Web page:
by Shawn Rohlf, Instructor at Studio West and The Recording Arts Center and professional musician

As a musician who started my career in the Minneapolis music scene in the mid 1980’s, it is almost impossible to measure the importance that Prince had on my life. It wasn’t just the impact he had on us young, aspiring songwriters as an artist, producer and performer; he created the stage and opened the curtains to the world by putting us on the map. I graduated from high school the year Purple Rain came out and all of a sudden the whole nation seemed to have its eyes on our little city in the middle of America. The major hubs of the music business were all paying attention to Prince, Morris Day and The Time, Vanity 6, Jimmy Jam and Terry Lewis, which quickly led to the discovery that there was this whole other scene going on there. Groups like Husker Du, Replacements, Soul Asylum, Jayhawks and many more, made for a hidden treasure of refreshing new music with a lasting quality.

Prince’s contribution to our little cultural mecca knew no racial boundaries with all ethnicities equally benefitting, and at the same time all sharing a deep, mutual respect for one another regardless of what particular style of music we were creating. We were all just Minnesotans. And we liked music an awful lot. It did however make it extremely exciting for everyone involved to have New York and California suddenly interested in what we were doing.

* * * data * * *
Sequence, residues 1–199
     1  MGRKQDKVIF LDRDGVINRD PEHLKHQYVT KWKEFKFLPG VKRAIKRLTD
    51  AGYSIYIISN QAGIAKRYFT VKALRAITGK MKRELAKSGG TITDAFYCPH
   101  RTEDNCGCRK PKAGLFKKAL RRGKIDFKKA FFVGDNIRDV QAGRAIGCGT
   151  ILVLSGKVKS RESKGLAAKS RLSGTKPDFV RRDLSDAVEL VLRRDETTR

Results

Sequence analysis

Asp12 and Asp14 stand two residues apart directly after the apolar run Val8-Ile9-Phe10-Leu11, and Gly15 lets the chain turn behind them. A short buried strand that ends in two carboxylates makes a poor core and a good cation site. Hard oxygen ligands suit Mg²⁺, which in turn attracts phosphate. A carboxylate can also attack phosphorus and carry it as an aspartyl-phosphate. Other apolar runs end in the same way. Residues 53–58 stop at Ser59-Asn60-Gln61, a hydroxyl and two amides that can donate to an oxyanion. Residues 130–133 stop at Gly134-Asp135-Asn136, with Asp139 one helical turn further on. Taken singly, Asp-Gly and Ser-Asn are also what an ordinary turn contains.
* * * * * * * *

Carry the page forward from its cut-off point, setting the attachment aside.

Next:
He further expanded the twin cities music scene by opening Paisley Park Studios, the Glam Slam music club and filmed much of Purple Rain at the legendary First Avenue music venue. I remember being outside of a club in the Uptown area and seeing a purple Porsche parked on the sidewalk right in the front of the entrance. Of course I figured out right away what that meant and went inside to see Prince sitting at a table with his huge entourage. Yet, he seemed to emanate a warm demeanor as he modestly doled out shy smiles to club goers who were lining up and paying homage. For some reason, it wasn’t exactly the vibe I was expecting. Why not? Well, he was an international pop superstar at this point, yet he still just seemed like a local hero…with no plans of leaving us any time soon. Still at his post in our new found identity. For a moment, I felt myself filling up with a sense of pride, which goes against every grain I was raised on as a Minnesota boy. My conscience took over and said “now wait just a minute mister, you stop right there!” But then my vision quickly became clear again and I thought, “Prince is sitting right there smiling at me so you know what…just for once…I’m cool too! So there!”

I think my mother would testify that since day one it’s been pretty clear that I am into this music thing for the long haul. Luckily, I was fortunate enough to have cut my teeth in the one of most exciting live music scenes of the 1980’s, which lives on and is still thriving today. These influences from my formative years are still who I very much am to this day and have never left regardless of where I have relocated or traveled. 

Thank you Prince for everything you brought into the world…and to my life personally. I am forever grateful.